The extraordinarily slow-moving Tropical Storm Beta continues its westward creep to Texas today. While the storm appears to be losing strength quickly, it is still forecast to bring more heavy rain to the Lone Star State over the next 48 hours.
Satellite imagery shows that much of the deep convection associated with Beta has dissipated while data from the Air Force Hurricane Hunters indicate that the winds have decreased. While Beta is hanging onto tropical storm status, it should finally move into Texas after soaking the region for many days.
After landfall tonight, the models differ on how far inland Beta gets over Texas, but the majority of the guidance shows the cyclone stalling just inland on Tuesday in weak steering currents. The combination of an approaching shortwave trough and an amplifying ridge over Florida should cause Beta to turn northeastward along or near the Texas coast late Tuesday and Wednesday, and then farther inland over Louisiana on Thursday. Steady weakening
is forecast after landfall, but heavy rains are still expected.
The expected slow motion of Beta will produce a long duration rainfall event from the middle Texas coast to southeast Louisiana. Flash, urban, and minor river flooding is likely. Rainfall will also spread northward into the ArkLaTex region and east into the Lower Mississippi Valley and portions of the Southeast through the end of the week. Flash, urban, and isolated minor river flooding is possible there too.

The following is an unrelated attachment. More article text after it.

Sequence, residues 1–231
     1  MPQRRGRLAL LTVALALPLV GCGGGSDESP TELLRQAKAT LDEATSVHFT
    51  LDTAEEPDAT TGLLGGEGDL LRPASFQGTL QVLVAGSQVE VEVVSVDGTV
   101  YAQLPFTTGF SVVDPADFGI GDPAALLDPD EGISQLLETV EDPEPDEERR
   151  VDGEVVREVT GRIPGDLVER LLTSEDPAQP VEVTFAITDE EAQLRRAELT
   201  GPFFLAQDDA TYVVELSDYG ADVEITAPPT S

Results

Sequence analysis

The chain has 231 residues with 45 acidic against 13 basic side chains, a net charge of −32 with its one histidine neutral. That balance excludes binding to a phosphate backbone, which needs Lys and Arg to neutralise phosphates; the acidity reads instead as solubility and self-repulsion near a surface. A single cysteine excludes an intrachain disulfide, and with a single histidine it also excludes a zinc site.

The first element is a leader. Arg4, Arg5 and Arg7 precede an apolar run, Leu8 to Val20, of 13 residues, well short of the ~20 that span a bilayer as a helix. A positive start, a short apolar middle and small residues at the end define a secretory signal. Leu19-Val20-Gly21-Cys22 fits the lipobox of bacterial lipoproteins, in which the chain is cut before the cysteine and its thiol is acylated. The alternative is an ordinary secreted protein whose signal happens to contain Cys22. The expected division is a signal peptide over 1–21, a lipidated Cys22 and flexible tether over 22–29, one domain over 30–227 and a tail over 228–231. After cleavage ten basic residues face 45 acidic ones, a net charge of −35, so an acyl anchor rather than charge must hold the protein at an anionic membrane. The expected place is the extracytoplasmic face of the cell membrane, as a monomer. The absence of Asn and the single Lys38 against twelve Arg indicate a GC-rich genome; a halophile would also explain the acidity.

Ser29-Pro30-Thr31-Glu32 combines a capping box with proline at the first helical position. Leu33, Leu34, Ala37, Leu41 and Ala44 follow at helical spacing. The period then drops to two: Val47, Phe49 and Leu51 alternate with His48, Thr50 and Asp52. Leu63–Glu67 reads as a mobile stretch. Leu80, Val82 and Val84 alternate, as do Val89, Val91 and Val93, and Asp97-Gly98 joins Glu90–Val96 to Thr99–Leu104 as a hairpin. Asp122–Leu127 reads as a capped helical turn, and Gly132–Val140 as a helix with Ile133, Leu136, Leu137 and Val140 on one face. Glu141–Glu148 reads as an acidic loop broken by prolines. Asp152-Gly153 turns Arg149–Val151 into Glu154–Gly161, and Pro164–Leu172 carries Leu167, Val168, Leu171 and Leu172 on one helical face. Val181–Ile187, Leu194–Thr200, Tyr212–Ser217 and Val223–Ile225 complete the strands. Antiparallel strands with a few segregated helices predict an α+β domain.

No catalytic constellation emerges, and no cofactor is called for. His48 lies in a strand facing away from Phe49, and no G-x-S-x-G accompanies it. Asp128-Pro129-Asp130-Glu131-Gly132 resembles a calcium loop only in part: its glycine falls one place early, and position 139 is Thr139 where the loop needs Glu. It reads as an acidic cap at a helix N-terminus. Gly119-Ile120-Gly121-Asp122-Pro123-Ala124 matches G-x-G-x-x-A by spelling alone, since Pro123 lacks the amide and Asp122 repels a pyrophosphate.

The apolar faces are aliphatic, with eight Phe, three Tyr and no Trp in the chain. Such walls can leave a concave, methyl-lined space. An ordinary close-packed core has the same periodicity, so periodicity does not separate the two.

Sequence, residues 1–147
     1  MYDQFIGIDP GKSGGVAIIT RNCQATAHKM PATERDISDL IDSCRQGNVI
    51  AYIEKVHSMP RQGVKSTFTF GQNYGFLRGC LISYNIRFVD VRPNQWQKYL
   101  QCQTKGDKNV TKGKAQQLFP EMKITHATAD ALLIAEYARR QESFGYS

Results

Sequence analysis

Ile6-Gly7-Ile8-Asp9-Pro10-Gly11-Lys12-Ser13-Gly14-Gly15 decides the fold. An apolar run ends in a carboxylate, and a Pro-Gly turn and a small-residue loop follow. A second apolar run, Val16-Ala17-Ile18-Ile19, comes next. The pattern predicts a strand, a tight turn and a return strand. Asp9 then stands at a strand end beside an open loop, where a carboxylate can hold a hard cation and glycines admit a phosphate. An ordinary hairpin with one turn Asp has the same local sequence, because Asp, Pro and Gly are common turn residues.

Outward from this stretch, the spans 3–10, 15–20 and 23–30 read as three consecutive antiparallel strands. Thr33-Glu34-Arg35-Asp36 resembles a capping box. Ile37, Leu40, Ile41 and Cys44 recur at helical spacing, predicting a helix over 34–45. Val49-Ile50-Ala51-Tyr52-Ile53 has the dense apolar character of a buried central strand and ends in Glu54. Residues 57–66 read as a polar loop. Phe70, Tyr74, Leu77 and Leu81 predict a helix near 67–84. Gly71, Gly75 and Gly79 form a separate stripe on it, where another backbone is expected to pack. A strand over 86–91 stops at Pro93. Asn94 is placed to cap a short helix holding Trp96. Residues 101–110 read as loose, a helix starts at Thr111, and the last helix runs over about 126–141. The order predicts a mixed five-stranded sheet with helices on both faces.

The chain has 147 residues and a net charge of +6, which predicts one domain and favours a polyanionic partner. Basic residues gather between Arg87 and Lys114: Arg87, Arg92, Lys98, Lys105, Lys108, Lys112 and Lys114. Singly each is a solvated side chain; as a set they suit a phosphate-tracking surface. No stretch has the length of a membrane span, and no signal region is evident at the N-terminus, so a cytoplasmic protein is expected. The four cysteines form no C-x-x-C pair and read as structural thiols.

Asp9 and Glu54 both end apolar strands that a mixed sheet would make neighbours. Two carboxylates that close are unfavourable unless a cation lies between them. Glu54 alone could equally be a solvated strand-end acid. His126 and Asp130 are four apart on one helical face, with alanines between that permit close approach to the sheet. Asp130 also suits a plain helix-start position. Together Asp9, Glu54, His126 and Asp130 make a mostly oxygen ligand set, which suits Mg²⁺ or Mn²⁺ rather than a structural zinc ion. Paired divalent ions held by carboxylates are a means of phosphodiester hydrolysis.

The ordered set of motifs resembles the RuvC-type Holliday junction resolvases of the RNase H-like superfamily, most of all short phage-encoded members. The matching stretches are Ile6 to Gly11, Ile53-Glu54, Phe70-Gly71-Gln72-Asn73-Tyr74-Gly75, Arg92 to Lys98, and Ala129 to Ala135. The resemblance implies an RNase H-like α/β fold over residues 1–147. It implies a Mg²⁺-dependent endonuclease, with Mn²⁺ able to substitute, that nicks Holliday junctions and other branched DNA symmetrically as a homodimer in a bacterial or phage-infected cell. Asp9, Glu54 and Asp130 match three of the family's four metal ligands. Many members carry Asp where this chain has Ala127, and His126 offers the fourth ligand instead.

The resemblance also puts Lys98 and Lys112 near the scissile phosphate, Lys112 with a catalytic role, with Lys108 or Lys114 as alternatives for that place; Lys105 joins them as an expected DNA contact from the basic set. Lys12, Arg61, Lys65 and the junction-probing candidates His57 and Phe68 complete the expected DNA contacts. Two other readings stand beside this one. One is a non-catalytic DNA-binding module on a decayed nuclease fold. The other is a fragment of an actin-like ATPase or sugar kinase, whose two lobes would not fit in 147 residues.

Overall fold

While Beta is losing its punch, there continues to be the danger of life-threatening storm surge near times of high tide through Tuesday along portions of the Texas and Louisiana coasts within the storm surge warning areas.
Tropical-storm-force winds will spread westward across the Texas coast later this morning and continue into Tuesday. In addition to gusty winds, there’s also a threat of isolated tornadoes as the storm makes its way into Texas and Louisiana.